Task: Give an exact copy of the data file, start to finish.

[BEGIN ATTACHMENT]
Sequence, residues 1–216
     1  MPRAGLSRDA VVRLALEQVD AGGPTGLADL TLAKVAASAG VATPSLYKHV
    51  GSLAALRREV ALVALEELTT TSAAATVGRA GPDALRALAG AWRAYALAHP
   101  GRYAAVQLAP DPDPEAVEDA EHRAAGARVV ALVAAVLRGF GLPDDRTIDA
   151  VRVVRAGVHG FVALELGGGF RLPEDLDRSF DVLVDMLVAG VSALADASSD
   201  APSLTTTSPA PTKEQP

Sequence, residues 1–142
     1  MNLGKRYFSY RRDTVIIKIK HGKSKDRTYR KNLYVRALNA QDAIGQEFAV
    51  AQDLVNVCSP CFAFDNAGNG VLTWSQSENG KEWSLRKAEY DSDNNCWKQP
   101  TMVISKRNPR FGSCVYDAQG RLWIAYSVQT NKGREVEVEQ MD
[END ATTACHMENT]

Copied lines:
Sequence, residues 1–216
     1  MPRAGLSRDA VVRLALEQVD AGGPTGLADL TLAKVAASAG VATPSLYKHV
    51  GSLAALRREV ALVALEELTT TSAAATVGRA GPDALRALAG AWRAYALAHP
   101  GRYAAVQLAP DPDPEAVEDA EHRAAGARVV ALVAAVLRGF GLPDDRTIDA
   151  VRVVRAGVHG FVALELGGGF RLPEDLDRSF DVLVDMLVAG VSALADASSD
   201  APSLTTTSPA PTKEQP

Sequence, residues 1–142
     1  MNLGKRYFSY RRDTVIIKIK HGKSKDRTYR KNLYVRALNA QDAIGQEFAV
    51  AQDLVNVCSP CFAFDNAGNG VLTWSQSENG KEWSLRKAEY DSDNNCWKQP
   101  TMVISKRNPR FGSCVYDAQG RLWIAYSVQT NKGREVEVEQ MD